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Cyclades   Listen
noun
Cyclades  n.  
1.
The pre-Mycenaean civilization on the Cyclades islands in the S Aegean sea.
Synonyms: Cycladic civilization, Cycladic culture.
2.
An archipelago consisting of over 200 islands in the southern Aegean sea.






Collaborative International Dictionary of English 0.48








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"Cyclades" Quotes from Famous Books



... to the felucca, which had kept the ship in sight all the while, although close in to the land, and apparently proceeding on a coasting-voyage, and having nothing to do with the other vessel; and then, the course of the Muscadine was altered and she bore up for the Cyclades. ...
— Picked up at Sea - The Gold Miners of Minturne Creek • J.C. Hutcheson

... Christianity under the whip and the sword. It is all, alas, inevitable; was inevitable from the moment that the keel of Columbus's boat grated upon the shingle of Guanahani. The greater must prey upon the less, the stronger must absorb and dominate the weaker; and the happy gardens of the Golden Cyclades must be spoiled and wasted for the pleasure and enrichment of a corrupting civilisation. But while we recognise the inevitable, and enter into the joy and pride of Columbus and his followers on this first happy morning of their landing, we may give a moment's remembrance to the other ...
— Christopher Columbus, Complete • Filson Young

... in every scene, so my trouble stalked beside me, drank of my cup, and sat grimly at my table. It was with me in Naples and among the orange groves of Sorrento. It met me amid the ruins of the Roman Forum. It travelled with me over the blue Mediterranean, and landed beside me on the shores of the Cyclades. Go where I would, it possessed and followed me, and brooded over my head, like the cloud that rested ...
— In the Days of My Youth • Amelia Ann Blandford Edwards

... Of the Cyclades—those beautiful daughters of Crete—Delos, sacred to Apollo, and possessed principally by the Ionians, was the most eminent. But Paros boasted not only its marble quarries, but the valour of its inhabitants, and the vehement ...
— Athens: Its Rise and Fall, Complete • Edward Bulwer-Lytton

... fleetest-fleet of crafts, Nor could by swiftness of aught plank that swims, Be she outstripped, whether paddle plied, Or fared she scudding under canvas-sail. 5 Eke she defieth threat'ning Adrian shore, Dare not denay her, insular Cyclades, And noble Rhodos and ferocious Thrace, Propontis too and blustering Pontic bight. Where she (my Pinnace now) in times before, 10 Was leafy woodling on Cytorean Chine For ever loquent lisping with her leaves. ...
— The Carmina of Caius Valerius Catullus • Caius Valerius Catullus

... view a thousand several kinds of strange adventures, which have befallen pat according to the nature of the dream, and that as well to the party dreamer as to others. The Atlantic people, and those that inhabit the (is)land of Thasos, one of the Cyclades, are of this grand commodity deprived; for in their countries none yet ever dreamed. Of this sort (were) Cleon of Daulia, Thrasymedes, and in our days the learned Frenchman Villanovanus, neither of all ...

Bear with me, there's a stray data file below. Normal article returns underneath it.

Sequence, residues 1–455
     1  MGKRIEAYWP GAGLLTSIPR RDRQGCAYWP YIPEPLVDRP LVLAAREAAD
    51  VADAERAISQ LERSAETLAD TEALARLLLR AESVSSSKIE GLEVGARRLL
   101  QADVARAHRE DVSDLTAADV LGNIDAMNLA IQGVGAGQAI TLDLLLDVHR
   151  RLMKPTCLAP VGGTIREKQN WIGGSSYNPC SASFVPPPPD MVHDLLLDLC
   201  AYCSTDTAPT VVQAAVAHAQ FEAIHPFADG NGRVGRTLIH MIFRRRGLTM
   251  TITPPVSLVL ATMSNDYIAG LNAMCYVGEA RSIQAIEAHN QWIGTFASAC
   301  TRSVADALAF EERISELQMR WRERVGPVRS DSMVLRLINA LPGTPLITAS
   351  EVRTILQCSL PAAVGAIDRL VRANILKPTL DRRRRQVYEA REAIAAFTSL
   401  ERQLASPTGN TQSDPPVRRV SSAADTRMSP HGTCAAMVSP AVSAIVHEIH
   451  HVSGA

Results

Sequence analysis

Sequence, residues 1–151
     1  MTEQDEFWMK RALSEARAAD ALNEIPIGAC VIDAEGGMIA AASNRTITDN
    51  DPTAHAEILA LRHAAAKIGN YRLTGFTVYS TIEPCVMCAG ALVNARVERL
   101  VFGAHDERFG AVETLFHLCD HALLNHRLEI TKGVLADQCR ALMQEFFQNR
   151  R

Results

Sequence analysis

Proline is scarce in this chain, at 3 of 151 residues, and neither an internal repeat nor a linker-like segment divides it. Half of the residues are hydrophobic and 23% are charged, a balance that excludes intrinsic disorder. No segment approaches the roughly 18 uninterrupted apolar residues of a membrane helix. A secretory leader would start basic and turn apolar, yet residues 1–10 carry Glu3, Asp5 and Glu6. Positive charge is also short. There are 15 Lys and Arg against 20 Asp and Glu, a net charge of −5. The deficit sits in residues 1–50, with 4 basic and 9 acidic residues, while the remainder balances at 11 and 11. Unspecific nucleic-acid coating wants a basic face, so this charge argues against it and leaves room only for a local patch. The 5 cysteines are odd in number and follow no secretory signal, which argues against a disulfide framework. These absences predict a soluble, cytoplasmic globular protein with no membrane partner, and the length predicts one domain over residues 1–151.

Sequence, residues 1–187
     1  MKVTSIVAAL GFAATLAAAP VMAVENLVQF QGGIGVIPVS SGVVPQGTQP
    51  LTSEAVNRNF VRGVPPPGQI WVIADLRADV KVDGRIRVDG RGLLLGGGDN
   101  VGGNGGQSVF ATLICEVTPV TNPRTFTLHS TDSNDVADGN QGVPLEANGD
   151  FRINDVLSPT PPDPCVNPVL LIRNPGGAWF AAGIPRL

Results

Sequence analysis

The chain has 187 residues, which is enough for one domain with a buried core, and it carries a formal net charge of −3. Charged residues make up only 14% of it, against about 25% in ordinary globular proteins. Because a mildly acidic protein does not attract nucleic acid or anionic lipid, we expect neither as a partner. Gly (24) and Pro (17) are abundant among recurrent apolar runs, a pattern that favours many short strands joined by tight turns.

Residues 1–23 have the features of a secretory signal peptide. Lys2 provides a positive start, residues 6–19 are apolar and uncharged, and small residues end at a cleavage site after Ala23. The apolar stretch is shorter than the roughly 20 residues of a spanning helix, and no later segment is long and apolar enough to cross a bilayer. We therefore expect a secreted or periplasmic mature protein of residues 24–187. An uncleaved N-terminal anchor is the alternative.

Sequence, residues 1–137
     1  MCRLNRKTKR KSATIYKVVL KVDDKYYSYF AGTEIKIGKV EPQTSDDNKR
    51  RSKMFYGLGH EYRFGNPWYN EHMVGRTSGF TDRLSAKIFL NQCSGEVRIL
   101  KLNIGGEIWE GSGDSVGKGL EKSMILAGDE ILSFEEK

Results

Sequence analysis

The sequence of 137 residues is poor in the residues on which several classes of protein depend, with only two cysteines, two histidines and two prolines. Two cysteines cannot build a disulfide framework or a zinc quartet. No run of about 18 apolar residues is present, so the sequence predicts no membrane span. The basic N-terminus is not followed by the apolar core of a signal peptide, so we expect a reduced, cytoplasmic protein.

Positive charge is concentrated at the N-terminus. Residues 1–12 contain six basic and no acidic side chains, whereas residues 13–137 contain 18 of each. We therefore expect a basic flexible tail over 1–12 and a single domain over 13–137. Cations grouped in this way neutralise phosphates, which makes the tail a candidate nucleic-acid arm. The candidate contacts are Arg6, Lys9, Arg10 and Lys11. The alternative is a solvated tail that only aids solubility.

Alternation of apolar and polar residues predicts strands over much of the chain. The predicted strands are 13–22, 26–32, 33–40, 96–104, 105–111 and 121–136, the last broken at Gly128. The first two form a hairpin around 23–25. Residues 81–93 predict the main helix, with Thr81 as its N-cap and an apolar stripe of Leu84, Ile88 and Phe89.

— Gargantua and Pantagruel, Complete. • Francois Rabelais

... Composed the Andrian)—Ver. 9. This Play, like that of our author, took its name from the Isle of Andros, one of the Cyclades in the AEgean Sea, where Glycerium is supposed to have been born. Donatus, the Commentator on Terence, informs us that the first Scene of this Play is almost a literal translation from the Perinthian of Menander, in which the old man was represented ...
— The Comedies of Terence - Literally Translated into English Prose, with Notes • Publius Terentius Afer, (AKA) Terence

... the grass, The delicate trefoil that muffled warm A slope on Ida; for a hundred years Moved in the purple gyre of those dark flowers The Grecian women strew upon the dead. Under the earth, in fragrant glooms, I dwelt; Then in the veins and sinews of a pine On a lone isle, where, from the Cyclades, A mighty wind, like a leviathan, Ploughed through the brine, and from those solitudes Sent Silence, frightened. To and fro I swayed, Drawing the sunshine from the stooping clouds. Suns came and went,—and ...
— Atlantic Monthly, Vol. 5, No. 32, June, 1860 • Various

... V The Cyclades seemed to swim amid the main, And hill gainst hill, and mount gainst mountain smote, With such great fury met those armies twain; Here burnt a ship, there sunk a bark or boat, Here darts and wild-fire flew, there drowned or slain Of princes dead the bodies ...
— Jerusalem Delivered • Torquato Tasso

... permitted us to hold our course. As lazy, fair-weather sailors, careless of the coming hour, we talked gaily of our coasting voyage, of our arrival at Athens. We would make our home of one of the Cyclades, and there in myrtle-groves, amidst perpetual spring, fanned by the wholesome sea-breezes—we would live long years in beatific union—Was there such a thing as death ...
— The Last Man • Mary Shelley



Words linked to "Cyclades" :   Hellenic Republic, Aegean civilization, Aegean culture, Greece, Cycladic civilisation, Kikladhes, Aegean island, Cycladic civilization, Ellas, Cycladic culture



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